• 2.5.3.3 Spectral analysis of energy exchanges -- 2.6 Prototype of Wireless Power Transfer -- 2.6.1 Cylindrical Resonator Design -- 2.6.2 Implementation of Cylindrical Resonator -- 2.6.3 Evaluation of Cylindrical Resonator -- 2.6.4 Application of Cylindrical Resonator -- 2.7 Discussion -- 2.8 Conclusions -- References -- Chapter 3 - Low Power Rectenna Systems for Wireless Energy Transfer -- 3.1 Introduction -- 3.1.1 History of Wireless Power Transfer -- 3.1.2 Wireless Power Transfer Techniques -- 3.1.2.1 DC-RF conversion -- 3.1.2.2 Electromagnetic wave propagation -- 3.1.2.3 RF-DC conversion -- 3.2 Low Power Rectenna Topologies -- 3.2.1 Circuit Topologies -- 3.2.1.1 Series-mounted diode -- 3.2.1.2 Shunt-mounted diode -- 3.2.1.3 Voltage-doubler topology -- 3.2.1.4 Diode bridge topology -- 3.2.1.5 Transistor-based rectennas -- 3.2.2 Rectenna Associations -- 3.2.3 Modeling a Rectenna -- 3.2.4 A Designer's Dilemma -- 3.2.4.1 Output characteristics -- 3.2.4.2 Antenna impedance influence -- 3.3 Reconfigurable Electromagnetic Energy Receiver -- 3.3.1 Typical Application -- 3.3.2 Rectenna Circuit Configuration -- 3.3.3 Reconfigurable Architecture -- 3.3.3.1 Antenna switch -- 3.3.3.2 Global performance -- 3.3.3.3 Output load matching -- 3.4 Conclusions -- References -- Chapter 4 - Wireless Power Transfer: Generation,Transmission, and Distribution Circuit Theory of Wireless Power Transfer -- 4.1 Introduction -- 4.2 Criteria for Efficient Resonant Wireless Power Transfer -- 4.2.1 High Power Factor (cos θ = 1) -- 4.2.2 High Coupling Coefficient (k ≈ 1) -- 4.2.3 High Quality (Q >> 1) Factors -- 4.2.4 Matching Circuits -- 4.2.5 Focusing of Magnetic Field -- 4.3 Resonant Wireless Power Transfer -- 4.3.1 Higher-Order WPT Systems -- 4.4 Loosely Coupled Wireless Power Transfer System -- 4.4.1 Low Q1 and Q2 -- 4.4.2 High Q1 and Q2 -- 4.5 Efficiency -- 4.6 Summary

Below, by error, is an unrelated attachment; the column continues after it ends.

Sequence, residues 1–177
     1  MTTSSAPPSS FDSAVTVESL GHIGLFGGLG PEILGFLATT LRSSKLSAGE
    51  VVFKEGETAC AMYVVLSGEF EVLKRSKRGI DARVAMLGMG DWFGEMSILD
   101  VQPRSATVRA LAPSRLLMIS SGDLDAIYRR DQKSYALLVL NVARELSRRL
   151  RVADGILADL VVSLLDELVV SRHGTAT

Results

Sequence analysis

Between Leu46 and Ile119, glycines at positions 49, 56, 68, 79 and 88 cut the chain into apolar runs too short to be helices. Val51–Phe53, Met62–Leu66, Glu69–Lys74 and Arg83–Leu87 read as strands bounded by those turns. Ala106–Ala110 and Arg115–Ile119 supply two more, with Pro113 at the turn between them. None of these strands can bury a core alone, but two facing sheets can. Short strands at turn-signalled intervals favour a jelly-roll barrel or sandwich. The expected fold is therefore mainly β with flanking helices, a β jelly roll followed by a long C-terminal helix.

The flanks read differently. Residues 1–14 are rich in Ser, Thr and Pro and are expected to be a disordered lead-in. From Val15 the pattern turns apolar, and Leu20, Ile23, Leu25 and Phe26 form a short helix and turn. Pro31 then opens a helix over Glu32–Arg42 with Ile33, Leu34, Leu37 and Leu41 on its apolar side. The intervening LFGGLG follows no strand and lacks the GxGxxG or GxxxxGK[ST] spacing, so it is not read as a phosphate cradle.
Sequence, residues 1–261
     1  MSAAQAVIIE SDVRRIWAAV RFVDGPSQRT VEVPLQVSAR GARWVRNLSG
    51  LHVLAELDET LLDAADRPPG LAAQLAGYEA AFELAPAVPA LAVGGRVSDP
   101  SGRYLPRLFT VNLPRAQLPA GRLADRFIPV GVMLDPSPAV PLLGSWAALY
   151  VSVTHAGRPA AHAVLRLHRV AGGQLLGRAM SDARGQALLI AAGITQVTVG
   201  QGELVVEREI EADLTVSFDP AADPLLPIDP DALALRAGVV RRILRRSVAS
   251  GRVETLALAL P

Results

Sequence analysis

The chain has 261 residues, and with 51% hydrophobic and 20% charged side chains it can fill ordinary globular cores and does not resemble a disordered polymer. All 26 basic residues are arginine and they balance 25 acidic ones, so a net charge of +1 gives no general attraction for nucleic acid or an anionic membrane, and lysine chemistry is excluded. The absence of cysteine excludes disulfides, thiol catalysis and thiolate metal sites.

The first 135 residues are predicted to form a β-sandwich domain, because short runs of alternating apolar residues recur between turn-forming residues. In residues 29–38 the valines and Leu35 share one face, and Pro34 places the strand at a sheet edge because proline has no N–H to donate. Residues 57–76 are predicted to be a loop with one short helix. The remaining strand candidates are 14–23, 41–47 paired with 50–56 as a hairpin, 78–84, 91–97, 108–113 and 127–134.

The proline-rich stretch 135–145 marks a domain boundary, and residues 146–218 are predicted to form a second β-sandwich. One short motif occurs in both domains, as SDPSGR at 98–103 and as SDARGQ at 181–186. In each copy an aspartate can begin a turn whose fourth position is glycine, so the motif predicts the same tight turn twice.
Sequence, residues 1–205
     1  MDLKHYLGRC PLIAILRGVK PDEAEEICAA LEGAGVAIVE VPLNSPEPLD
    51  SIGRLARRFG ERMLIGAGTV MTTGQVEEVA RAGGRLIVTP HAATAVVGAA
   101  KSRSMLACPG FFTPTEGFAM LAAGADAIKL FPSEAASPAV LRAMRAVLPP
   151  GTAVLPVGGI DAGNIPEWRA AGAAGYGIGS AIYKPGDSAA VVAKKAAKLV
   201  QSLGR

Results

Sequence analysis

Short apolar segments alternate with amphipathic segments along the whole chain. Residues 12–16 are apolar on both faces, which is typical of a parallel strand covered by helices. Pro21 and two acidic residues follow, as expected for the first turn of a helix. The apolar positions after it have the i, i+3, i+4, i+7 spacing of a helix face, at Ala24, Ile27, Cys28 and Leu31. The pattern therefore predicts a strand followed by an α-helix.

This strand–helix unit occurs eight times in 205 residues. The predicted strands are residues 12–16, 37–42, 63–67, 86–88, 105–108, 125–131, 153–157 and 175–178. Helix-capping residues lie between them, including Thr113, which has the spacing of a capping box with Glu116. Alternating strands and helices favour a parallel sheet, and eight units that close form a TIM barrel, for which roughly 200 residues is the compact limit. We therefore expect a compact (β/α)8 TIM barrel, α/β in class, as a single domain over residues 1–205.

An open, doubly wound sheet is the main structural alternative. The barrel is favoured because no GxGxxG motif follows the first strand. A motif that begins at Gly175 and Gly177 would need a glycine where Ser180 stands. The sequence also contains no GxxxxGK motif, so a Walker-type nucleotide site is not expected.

• Chapter 5 - Inductive Wireless Power Transfer Using Circuit Theory -- 5.1 Introduction -- 5.2 Advantages of Inductive Coupling for Energy Transfer -- 5.3 Applications of Inductive Power Transfer -- 5.4 Fundamentals of Inductive Coupling -- 5.4.1 Inductive Coupling and Transformer Action -- 5.4.2 Resonant Circuit Topologies -- 5.4.3 Power Transfer across a Poorly Coupled Link -- 5.4.4 Near-and Far-Field Regions -- 5.4.5 The Importance of the Loop Antenna -- 5.4.6 Small Loop of Constant Current -- 5.4.7 The Loop in Transmitting Mode -- 5.4.8 The Loop in the Receiving Mode -- 5.5 Mutual Inductance of Coupled Coils -- 5.6 The Loosely Coupled Approximation -- 5.7 Summary -- References -- Chapter 6 - Recent Advances on Magnetic Resonant Wireless Power Transfer -- 6.1 Introduction -- 6.2 Coupled Inductors -- 6.2.1 Coupled Inductors -- 6.2.2 The Series Resonant Circuit -- 6.2.3 Adding Resonators to the Coupled Inductors -- 6.2.4 Maximum Efficiency, Maximum Power on the load,and Conjugate Matching:Two-Port Case -- 6.2.5 Maximum Efficiency: N-port Case -- 6.2.6 Scattering Matrix Representation of a Wireless Power Transfer Network -- 6.3 Four Coupled Resonators -- 6.4 Travelling Waves, Power Waves and Conjugate Image Impedances -- 6.4.1 TravellingWaves and Power Waves -- 6.4.2 Conjugate Image Impedances -- 6.5 Measurement of the Resonator Quality Factor -- 6.6 Examples of Coupled Resonators for WPT -- 6.7 Design of the Oscillator Powering the Resonant Link -- 6.8 Conclusions -- 6.9 Exercises -- 6.9.1 MATLAB function for single-loop inductance computation -- 6.9.2 MATLAB function for two coaxial conducting loops mutual inductance computation -- References -- Chapter 7 - Techniques for Optimal Wireless Power Transfer Systems -- 7.1 Introduction -- 7.2 Flux Conentrators -- 7.2.1 Splitting of Coupling Coefficients -- 7.2.2 Doubling of Coil Radius -- 7.3 Separators